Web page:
There are two ways to react when you’re faced with the possiblity that your child (or children) might have a disability. You get mad, deny it completely, blame everyone else for suggesting something so wrong, shun anyone that could suggest such a thing and recluse your child from the world. Living your life in denial, shutting out the world, and ultimately doing nothing to help your child. Or, you take a long hard look at your situation, take into account that nobody’s perfect, swallow your pride and accept that maybe you do need external assistance for your child and for yourself. I did a little of both. I wasn’t angry that someone suggested that we might need some help, in fact I was relieved that someone had taken a genuine interest in my child and had the guts to tell me. I was very upset that I wasn’t a good enough parent to recognize that my son needed my help and I missed it.
So we got the contact information we needed and made an appointment for Gale with the Child Development Center at the University of Utah. The waiting list was several months long, but it was worth the wait. The person that interviewed Gale was amazing. He was so patient with Gale and knew exactly what to do to help him through the testing process. Gale was immediately taken with him and opened up more than I’d seen him do in his entire life. Like a typical Aspie, he was all over the place. Crawling on the table, bounding around the room, smacking the case worker, but when he was asked to complete a task he did it. Sure some times it took extra encouragement, but he did it. Even if he did it “wrong”, he still did it. The testing took several hours and by the time we were finished Gale was noticeably worn out. David was with us the whole time, but he kept to himself and slept on and off throughout the session.
While Gale was being tested, the case worker asked me questions about him. Does Gale make eye contact? Does he play with other children? Does he act out, often when there appears to be no reason? Does he have odd quirks that you wouldn’t expect to see? The questions were endless. Some of the things he asked applied to Gale, but what concerned me was that some of the questions didn’t just apply to Gale, but to David as well. In fact some of the questions seemed like he was talking specifically about David, not Gale. When we finished the testing session for Gale, I mentioned to the case worker that I was concerned about David based on what we had been discussing throughout the day. The case worker took everything I said seriously and suggested that it would be a good idea to have David tested as well.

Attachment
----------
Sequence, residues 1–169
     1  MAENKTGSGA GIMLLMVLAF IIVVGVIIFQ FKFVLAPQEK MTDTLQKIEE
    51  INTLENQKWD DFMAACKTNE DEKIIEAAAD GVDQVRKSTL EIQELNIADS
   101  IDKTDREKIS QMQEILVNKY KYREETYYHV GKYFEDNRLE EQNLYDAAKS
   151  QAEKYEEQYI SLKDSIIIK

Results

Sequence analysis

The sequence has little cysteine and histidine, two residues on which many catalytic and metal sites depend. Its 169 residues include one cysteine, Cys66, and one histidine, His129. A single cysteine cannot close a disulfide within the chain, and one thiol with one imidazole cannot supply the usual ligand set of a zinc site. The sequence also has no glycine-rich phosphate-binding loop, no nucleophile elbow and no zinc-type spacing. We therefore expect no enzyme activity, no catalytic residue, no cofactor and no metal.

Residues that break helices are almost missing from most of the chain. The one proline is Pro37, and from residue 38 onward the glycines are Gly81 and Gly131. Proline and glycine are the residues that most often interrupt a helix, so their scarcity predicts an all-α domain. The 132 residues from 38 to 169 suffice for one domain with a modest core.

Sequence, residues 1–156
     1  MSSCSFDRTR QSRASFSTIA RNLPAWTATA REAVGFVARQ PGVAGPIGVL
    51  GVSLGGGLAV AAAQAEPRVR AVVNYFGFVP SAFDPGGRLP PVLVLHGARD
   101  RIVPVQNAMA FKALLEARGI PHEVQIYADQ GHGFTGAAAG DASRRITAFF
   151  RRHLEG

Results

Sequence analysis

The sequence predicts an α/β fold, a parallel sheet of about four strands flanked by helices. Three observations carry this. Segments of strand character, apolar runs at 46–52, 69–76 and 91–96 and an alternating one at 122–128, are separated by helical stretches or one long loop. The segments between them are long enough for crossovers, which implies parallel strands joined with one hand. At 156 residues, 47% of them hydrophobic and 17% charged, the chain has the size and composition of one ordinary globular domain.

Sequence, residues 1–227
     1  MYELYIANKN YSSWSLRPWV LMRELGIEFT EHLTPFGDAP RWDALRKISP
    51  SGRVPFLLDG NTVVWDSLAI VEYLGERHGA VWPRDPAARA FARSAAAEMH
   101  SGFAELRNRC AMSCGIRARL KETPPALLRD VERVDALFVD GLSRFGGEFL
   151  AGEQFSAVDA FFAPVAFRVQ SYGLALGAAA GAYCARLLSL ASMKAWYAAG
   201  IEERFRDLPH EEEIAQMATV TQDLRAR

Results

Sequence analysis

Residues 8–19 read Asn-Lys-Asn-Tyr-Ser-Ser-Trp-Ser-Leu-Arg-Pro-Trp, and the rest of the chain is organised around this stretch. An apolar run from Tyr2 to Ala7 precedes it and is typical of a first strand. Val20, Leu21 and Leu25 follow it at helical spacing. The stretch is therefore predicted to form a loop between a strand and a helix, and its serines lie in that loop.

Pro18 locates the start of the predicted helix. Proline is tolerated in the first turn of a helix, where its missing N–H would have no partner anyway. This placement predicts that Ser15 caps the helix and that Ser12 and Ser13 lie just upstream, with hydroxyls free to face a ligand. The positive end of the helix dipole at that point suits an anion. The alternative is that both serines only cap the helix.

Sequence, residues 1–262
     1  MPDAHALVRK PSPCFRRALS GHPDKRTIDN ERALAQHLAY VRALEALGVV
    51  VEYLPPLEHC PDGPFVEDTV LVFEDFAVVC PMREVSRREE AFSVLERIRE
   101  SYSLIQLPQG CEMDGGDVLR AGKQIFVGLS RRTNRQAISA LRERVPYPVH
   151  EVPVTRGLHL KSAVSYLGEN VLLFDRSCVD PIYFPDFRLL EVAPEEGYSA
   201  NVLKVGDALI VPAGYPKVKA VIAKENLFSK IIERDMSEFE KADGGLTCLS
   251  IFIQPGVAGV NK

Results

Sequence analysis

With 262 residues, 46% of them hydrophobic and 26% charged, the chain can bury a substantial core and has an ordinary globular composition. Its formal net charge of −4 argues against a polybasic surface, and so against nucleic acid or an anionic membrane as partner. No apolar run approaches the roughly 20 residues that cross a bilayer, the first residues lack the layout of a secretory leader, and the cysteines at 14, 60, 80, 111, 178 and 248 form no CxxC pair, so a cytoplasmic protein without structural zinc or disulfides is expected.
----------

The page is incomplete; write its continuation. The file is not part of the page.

When we left the CDC, the preliminary diagnosis was PDD-NOS (pervasive developmental disorder not otherwise specified), but we wouldn’t know for sure until awll the results were evaluated. PDD-NOS basically means that Gale is autistic, but his symptoms fall all over the range of the autism spectrum so they couldn’t put a specific label on him. Hence the not otherwise specified. I was sick to my stomach. My little boy is autistic & after David was evaluated, I might have two disabled boys. I made an appointment for David and loaded the kids in the car. I cried all the way home.
David’s evaluation didn’t seem as intense as Gale’s was. Probably because he’s two years younger than Gale, but the same case worker that evaluated Gale conducted David’s evaluation and he was just as amazing with David as he was with Gale. I envied his patience and his amazing skill for dealing with my boys. When the testing was completed, the case worker told me that he was sure that both boys had PDD-NOS and that as they grew that the final diagnosis would be Asperger’s Syndrome. Suddenly the term, Ass Burgers, wasn’t as funny as it had been years earlier on the sitcom.